My wife Pilar celebrates her birthday as I write this, so I thought I’d dedicate this piece to her (and all women) by updating an article I wrote almost exactly 10 years ago.
When our family goes out for dinner, when we hire a woman to do our laundry and iron our clothes, or when my grandchildren’s schoolteachers teach them their lessons in school, these activities have a corresponding economic value that enters into the nation’s reported gross national product (GNP).
When my wife cooks our family dinner, does the laundry and ironing, or spends time teaching the grandchildren, none of her efforts ever gets to be valued and entered in any economic accounts. Outside our family and household, her true worth to the economy will never be fully appreciated. This is because productive activities done outside the market economy are never captured in the national income accounts that measure the nation’s economic output.
Women contribute to the economy vastly more than what most people recognize and what are recorded in the country’s economic accounts. Partly as a consequence of this, their status in the economy has always been and has continued to be lower than that of men. Fortunately, the evolution of the modern economy has been changing all of this. Key trends shaping the nature of the economy at the global, national and local levels are impacting the economic role and status of women in both positive and negative ways. These major economic trends include globalization, increased prominence of the so-called knowledge economy, and the increasing focus on small enterprises.
Over time, globalization has been reshaping the relative roles of women and men in economic life. The globalization process has brought about greater worker mobility and widened employment opportunities. Accompanying this is a growing proportion of women workers in nonstandard work such as temporary, casual, multiple, contract and home-based employment. Thus, while globalization is raising the quantity of women’s contribution to economic life through the labor force, the quality of their participation needs serious consideration.
In particular, women dominate labor migration, with domestic workers, nurses and caregivers making up a substantial portion of such labor movement coming from Asia, especially the Philippines. This has in turn led to changes in the host countries, where the consequent restructuring of household work from unremunerated work by housewives to a more formal economic activity undertaken by foreign domestic workers has increased the labor force participation by women in general. This may be seen as a positive trend from the point of view of the host economy, but comes at the cost of fracturing the families of the women migrant workers, often with tremendous social costs at home.
The second major economic trend is the dominance of information and communication technology (ICT) in the knowledge economy of the 21st century. The modern economy has seen dramatic change in the basis for wealth creation—from the traditional “bricks and mortar” to “clicks and portals.” The more successful firms and individuals in the knowledge-based economy are those who have better access to information and knowledge, no longer those endowed with greater fixed capital including real estate. For women, this could be a positive factor, given the fact that they now dominate tertiary education, as statistics in European and Asian countries show. In the Philippines, 56.1 percent of college and university students are female, and the ratio has been growing (10 years ago, the figure was 53.2 percent). Provided that there is no gender gap in access to ICT, women would thus appear to have the advantage in numbers to cash in on the knowledge economy.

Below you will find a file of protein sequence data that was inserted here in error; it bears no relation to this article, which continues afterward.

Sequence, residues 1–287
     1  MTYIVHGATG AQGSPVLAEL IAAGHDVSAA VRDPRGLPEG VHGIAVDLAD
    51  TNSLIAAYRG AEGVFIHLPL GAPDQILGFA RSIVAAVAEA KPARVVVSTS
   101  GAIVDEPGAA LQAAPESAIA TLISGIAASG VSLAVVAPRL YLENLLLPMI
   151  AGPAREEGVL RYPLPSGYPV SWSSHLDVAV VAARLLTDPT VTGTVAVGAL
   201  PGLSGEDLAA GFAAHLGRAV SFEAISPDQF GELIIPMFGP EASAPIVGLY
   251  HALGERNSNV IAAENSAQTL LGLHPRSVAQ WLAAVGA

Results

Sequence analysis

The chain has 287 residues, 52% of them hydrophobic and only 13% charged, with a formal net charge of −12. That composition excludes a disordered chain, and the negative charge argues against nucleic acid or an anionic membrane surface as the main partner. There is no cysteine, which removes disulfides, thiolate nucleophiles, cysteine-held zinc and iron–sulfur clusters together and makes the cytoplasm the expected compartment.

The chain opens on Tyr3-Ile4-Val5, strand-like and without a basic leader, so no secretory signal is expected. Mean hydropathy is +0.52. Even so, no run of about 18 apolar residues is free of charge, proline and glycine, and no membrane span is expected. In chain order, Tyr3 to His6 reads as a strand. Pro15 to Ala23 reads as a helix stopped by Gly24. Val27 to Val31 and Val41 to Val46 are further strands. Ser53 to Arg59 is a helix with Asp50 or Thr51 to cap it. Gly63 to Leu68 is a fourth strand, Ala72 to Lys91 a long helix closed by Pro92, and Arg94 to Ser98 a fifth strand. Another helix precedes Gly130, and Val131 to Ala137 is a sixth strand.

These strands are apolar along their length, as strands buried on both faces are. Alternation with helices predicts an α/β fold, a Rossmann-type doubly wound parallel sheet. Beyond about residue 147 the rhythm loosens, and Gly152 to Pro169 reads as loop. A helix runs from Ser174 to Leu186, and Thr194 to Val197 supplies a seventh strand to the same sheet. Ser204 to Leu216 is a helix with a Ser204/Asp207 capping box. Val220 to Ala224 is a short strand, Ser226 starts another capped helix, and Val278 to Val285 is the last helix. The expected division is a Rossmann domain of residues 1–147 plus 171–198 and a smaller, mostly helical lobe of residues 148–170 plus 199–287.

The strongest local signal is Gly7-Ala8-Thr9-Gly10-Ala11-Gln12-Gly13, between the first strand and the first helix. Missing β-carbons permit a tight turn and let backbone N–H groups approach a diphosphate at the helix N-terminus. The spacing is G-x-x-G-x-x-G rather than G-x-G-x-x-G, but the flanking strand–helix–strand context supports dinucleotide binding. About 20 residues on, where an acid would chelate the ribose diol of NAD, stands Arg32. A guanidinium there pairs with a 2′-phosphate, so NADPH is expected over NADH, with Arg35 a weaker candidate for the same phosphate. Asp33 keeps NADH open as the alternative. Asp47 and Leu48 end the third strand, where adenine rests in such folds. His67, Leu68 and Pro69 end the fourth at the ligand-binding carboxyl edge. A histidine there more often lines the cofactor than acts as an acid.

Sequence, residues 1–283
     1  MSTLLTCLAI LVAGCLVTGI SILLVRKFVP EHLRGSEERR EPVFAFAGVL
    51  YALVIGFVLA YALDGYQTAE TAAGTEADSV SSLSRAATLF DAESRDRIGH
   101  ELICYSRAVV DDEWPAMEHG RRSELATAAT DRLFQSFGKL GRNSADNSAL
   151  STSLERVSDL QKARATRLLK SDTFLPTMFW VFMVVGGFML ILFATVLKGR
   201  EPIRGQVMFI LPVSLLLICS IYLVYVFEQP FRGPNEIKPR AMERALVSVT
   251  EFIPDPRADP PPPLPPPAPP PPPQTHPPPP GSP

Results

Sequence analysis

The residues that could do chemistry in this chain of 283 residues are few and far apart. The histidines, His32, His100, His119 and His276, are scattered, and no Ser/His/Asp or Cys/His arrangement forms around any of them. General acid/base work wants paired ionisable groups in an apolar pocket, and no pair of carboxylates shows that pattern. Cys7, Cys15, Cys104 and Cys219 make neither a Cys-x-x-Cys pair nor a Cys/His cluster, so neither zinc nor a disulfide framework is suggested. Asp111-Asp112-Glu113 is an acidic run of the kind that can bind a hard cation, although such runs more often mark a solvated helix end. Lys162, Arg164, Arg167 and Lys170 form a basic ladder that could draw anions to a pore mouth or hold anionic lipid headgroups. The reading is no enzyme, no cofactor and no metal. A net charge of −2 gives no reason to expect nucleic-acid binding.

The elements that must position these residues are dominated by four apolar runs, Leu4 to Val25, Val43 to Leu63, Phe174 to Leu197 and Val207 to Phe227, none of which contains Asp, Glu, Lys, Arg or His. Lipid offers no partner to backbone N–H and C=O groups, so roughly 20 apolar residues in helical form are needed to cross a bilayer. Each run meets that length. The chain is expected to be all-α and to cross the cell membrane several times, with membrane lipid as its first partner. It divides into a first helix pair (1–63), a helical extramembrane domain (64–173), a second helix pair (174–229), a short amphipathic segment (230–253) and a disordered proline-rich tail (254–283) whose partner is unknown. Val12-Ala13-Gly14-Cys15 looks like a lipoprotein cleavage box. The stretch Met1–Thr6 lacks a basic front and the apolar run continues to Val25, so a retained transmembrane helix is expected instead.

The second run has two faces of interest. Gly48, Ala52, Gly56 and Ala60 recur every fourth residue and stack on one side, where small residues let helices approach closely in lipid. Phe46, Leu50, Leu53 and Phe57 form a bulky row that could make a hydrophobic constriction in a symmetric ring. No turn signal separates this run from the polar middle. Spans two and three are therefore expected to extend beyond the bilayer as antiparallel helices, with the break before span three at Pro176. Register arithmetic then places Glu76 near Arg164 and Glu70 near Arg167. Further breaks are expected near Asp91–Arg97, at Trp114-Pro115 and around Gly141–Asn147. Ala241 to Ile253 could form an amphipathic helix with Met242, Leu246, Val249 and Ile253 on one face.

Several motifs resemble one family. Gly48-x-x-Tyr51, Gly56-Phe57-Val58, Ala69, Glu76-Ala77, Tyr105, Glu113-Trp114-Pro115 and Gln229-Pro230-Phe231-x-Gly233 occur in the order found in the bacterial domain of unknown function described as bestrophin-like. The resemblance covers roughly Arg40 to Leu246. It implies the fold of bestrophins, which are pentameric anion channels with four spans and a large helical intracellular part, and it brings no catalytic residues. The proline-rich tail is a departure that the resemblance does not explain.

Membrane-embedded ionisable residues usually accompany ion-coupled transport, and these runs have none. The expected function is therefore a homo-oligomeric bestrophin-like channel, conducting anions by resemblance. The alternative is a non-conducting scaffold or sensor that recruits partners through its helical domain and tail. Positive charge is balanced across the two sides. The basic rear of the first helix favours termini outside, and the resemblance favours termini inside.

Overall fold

The third economic trend, which has to a large extent been facilitated by the second, is the renewed focus on small enterprises. With rapid developments in ICT, modern societies have seen a widespread resurgence of small, even home-based enterprises. Small firms providing products that range from services to manufactured products are proliferating. This is because e-commerce provides them virtually equal access to markets relative to their much larger counterparts, with savings in overhead costs compensating for their lack of economies of scale. This particular trend has created wider opportunities for integrating formal economic activities with unremunerated domestic work, whether for men or women, but especially for the women. Having to devote time for rearing children and managing the household need no longer deprive women of the opportunity to become entrepreneurs. But the same trend also implies that men are increasingly able to participate more equitably in child rearing and home management, while still engaged in gainful enterprise.
What’s needed is to overcome traditional cultural biases against women taking a more active role in formal economic life, and men taking a more active role in home and family management. A “gender divide” in ICT must also not be allowed to arise or expand. In general, there is need to eliminate the unfair wage differentials between men and women that still persist in many contexts.
My wife runs a community school and associated community welfare initiatives, balancing all these with managing our home, seeing to our family’s welfare, and responding to my sometimes unfair demands as a husband. She earns nothing from all of that. Given what she contributes to our economy and society, I often feel she should be earning a lot more than I do.
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